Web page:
Kayemba discovered he was HIV-positive in 1987, while his partner found out in 2000. Kayemba fell seriously ill for two years, went into a coma for weeks and was pronounced dead at one point. However, after his health improved, Kayemba suggested to his wife that they should have a baby. "Now that God has preserved me up to 2007, I want to have a child. We can have a child through the prevention of mother-to-child HIV transmission (PMTCT) strategy. I have read much about the strategy and there are health benefits for mothers. I wish we could try it out," he told his wife. Kayemba's proposal did not meet Nagujja's approbation. She did not want to conceive, because she feared she would die. However, she told Kayemba that he was free to have babies with any other woman. Kayemba and Nagujja met in 2006 at the Medical Research Centre (MRC) in Entebbe, from where they used to receive their anti-retroviral drugs (ARVs). The two were linked by their counsellor. When they resolved that they were ready to have a baby, they started collecting information on the prevention of mother-tochild transmission. They sought advice from counsellors and HIV specialist doctors. Kayemba was informed by his doctor at Nsambya Hospital that with the right specialised treatment and medical care, one can reduce the risk of passing HIV to their unborn child to less than 2%. CLICK HERE FOR MORE ON THIS STORY
‘Miracle' cures from early times
The whole thing reeks of forgery and deception on a large scale. For what is in mere soil and water to cure AIDS? Nothing." That was what the Weekly Topic, in its October 26, 1989 editorial, described the purported soil cure for HIV, which was ravaging the country and spreading panic among communities.
Six years earlier, in 1982, the first two cases of the disease in Uganda had been recorded in Rakai on the shores of Lake Victoria. This was followed by 17 more cases, a year later — before the virus was confirmed as an epidemic in Uganda in 1984. The symptoms of the disease on those affected included extreme wasting away of the body.
The victims would often die a few weeks or months later, hence the name slim. But just how were the people going to deal with this strange sickness which left sufferers severely battered? In the absence of a solution in the form of a cure (or treatment like antiretroviral drugs), even the most ridiculous of remedies to the disease were welcome, despite the media warning the public against using them.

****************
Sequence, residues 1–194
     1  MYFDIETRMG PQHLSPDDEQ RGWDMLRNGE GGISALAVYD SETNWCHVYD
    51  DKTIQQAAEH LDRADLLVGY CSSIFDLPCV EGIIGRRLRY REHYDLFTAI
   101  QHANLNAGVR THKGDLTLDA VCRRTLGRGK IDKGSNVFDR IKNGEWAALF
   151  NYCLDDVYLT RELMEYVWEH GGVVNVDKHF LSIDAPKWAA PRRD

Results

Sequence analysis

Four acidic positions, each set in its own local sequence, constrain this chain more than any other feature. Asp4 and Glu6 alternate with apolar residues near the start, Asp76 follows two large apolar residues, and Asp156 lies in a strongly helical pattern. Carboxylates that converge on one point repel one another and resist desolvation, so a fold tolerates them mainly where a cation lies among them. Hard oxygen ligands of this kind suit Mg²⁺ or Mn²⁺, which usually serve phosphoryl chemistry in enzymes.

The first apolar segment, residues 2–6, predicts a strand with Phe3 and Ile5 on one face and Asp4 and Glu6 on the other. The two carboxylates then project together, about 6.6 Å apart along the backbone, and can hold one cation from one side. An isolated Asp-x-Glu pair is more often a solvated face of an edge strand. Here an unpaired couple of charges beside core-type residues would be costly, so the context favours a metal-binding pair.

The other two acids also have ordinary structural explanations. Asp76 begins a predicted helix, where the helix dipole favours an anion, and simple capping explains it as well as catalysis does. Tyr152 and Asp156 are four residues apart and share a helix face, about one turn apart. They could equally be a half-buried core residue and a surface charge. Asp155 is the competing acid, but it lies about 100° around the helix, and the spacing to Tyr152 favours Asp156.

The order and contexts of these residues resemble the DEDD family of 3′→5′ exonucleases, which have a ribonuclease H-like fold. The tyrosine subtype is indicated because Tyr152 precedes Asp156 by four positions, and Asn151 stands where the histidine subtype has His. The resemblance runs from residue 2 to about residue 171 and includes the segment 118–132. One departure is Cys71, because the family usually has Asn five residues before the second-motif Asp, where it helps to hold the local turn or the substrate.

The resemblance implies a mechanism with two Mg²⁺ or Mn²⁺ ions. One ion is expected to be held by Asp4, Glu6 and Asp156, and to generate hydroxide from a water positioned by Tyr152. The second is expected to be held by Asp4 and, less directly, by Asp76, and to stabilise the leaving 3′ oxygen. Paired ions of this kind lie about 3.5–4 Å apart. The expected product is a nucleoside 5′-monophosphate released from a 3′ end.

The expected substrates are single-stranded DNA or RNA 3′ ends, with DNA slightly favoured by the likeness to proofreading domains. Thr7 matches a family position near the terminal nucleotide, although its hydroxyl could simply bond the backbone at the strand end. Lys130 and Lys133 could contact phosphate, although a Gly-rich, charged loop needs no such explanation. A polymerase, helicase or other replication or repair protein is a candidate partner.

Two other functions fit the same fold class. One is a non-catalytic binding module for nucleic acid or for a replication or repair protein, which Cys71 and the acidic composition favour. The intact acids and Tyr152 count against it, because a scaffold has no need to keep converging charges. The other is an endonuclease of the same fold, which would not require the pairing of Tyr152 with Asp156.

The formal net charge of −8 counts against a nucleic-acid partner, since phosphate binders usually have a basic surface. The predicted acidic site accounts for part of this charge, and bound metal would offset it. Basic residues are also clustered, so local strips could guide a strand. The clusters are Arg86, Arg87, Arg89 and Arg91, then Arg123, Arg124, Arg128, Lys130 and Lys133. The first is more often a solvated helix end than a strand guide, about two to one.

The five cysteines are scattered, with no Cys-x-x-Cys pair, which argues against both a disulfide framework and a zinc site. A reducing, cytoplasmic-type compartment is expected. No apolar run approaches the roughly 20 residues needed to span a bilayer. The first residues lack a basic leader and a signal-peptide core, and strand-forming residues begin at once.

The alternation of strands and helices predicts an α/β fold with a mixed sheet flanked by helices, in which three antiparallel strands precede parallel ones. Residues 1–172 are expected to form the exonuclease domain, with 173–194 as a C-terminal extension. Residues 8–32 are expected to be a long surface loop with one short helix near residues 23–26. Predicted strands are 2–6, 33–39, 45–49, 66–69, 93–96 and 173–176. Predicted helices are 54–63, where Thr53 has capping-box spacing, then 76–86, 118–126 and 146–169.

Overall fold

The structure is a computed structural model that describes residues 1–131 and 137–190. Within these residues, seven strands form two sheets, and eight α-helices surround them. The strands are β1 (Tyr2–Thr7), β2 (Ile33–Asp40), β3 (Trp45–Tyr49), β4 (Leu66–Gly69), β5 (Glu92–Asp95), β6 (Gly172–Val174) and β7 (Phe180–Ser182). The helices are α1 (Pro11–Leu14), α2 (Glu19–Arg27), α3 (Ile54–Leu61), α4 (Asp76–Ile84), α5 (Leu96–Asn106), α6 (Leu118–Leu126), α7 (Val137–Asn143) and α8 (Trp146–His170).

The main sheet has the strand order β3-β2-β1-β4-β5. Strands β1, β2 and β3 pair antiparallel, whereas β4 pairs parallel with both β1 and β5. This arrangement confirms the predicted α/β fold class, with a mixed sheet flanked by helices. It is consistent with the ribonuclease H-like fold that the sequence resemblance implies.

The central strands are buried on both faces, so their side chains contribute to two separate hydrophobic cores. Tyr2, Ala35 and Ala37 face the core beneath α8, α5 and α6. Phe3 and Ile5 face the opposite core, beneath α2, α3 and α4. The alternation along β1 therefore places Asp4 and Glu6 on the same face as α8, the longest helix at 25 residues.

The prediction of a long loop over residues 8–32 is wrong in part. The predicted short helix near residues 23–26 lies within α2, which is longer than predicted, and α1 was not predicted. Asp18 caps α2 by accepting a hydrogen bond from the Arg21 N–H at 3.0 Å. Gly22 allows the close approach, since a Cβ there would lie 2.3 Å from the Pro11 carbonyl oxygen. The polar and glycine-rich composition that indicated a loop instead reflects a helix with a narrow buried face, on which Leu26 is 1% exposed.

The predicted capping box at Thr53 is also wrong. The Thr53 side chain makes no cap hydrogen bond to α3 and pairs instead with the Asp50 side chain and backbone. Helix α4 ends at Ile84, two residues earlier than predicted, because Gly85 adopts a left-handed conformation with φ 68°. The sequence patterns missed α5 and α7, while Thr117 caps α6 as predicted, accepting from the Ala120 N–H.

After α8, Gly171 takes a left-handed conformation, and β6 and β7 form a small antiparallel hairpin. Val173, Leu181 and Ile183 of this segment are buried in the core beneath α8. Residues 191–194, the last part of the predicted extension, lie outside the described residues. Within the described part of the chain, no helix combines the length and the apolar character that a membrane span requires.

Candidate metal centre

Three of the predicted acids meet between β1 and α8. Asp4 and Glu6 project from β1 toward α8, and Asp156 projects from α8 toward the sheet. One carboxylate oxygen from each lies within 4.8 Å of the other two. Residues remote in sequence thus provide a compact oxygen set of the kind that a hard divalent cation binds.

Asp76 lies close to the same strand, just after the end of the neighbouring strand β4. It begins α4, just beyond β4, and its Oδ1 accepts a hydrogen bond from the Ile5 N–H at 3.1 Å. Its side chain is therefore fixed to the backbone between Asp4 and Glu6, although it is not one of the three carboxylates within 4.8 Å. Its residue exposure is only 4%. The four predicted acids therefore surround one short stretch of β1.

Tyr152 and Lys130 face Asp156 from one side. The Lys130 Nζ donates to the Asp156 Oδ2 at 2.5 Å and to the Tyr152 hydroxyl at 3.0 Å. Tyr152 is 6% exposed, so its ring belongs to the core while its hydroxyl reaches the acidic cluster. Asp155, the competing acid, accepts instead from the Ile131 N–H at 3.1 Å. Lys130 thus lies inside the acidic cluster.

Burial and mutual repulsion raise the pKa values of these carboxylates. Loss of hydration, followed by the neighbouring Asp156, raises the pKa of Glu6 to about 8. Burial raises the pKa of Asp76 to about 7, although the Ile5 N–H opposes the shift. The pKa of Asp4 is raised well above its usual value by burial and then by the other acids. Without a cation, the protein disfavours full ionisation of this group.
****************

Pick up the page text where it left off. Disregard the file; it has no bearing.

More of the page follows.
So when Yowania Nanyonga, a peasant elderly woman, came out and said she had on the night of September 8, 1988 been visited and instructed by God's spiritual voice to cure illnesses by merely feeding them the blessed soil from her garden, many people believed her. CLICK HERE FOR MORE ON THIS STORY
Complacency derailing HIV/AIDS fight in Uganda
Even though James Mugerwa, 20, lost both his parents to AIDS, he still thinks HIV is a myth. A resident of Kanya village in Rakai district, where the first AIDS case in Uganda was recorded in 1982, Mugerwa argues that his parents could have died of any other disease and wonders why people refer to AIDS as an epidemic. "I have not seen people dying of AIDS-related infections. I was told that whoever got infected with HIV experienced symptoms such as fever, vomiting, diarrhoea, becomes sickly and slim, with multiple scars. But none of those signs manifested in my parents before they died 15 years ago. I was 10 years old at the time," he says. At 20, Mugerwa could probably be forgiven for being skeptical about the existence of HIV/AIDS, but he is not alone. Many young people, born after the spread of HIV, do not think the disease is a problem.
Today, people living with HIV do not present with the symptoms that seemed obvious decades ago. The days when there was a funeral every other day in a village are a thing of the past. It has been 36 years since the first reported case of "mysterious pneumonia-like symptoms" transformed into a deadly epidemic that quickly became part of our daily lives. Before the medical treatment, AIDS was a diagnosis that meant death to most. But today, with all of the medications and treatment plans available, people are living longer. CLICK HERE FOR MORE ON THIS STORY
Surprises in HIV survey